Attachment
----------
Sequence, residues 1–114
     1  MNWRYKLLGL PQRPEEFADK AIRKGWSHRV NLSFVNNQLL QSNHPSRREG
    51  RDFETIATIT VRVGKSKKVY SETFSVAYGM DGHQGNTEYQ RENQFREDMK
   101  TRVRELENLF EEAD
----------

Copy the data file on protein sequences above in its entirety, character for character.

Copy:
Sequence, residues 1–114
     1  MNWRYKLLGL PQRPEEFADK AIRKGWSHRV NLSFVNNQLL QSNHPSRREG
    51  RDFETIATIT VRVGKSKKVY SETFSVAYGM DGHQGNTEYQ RENQFREDMK
   101  TRVRELENLF EEAD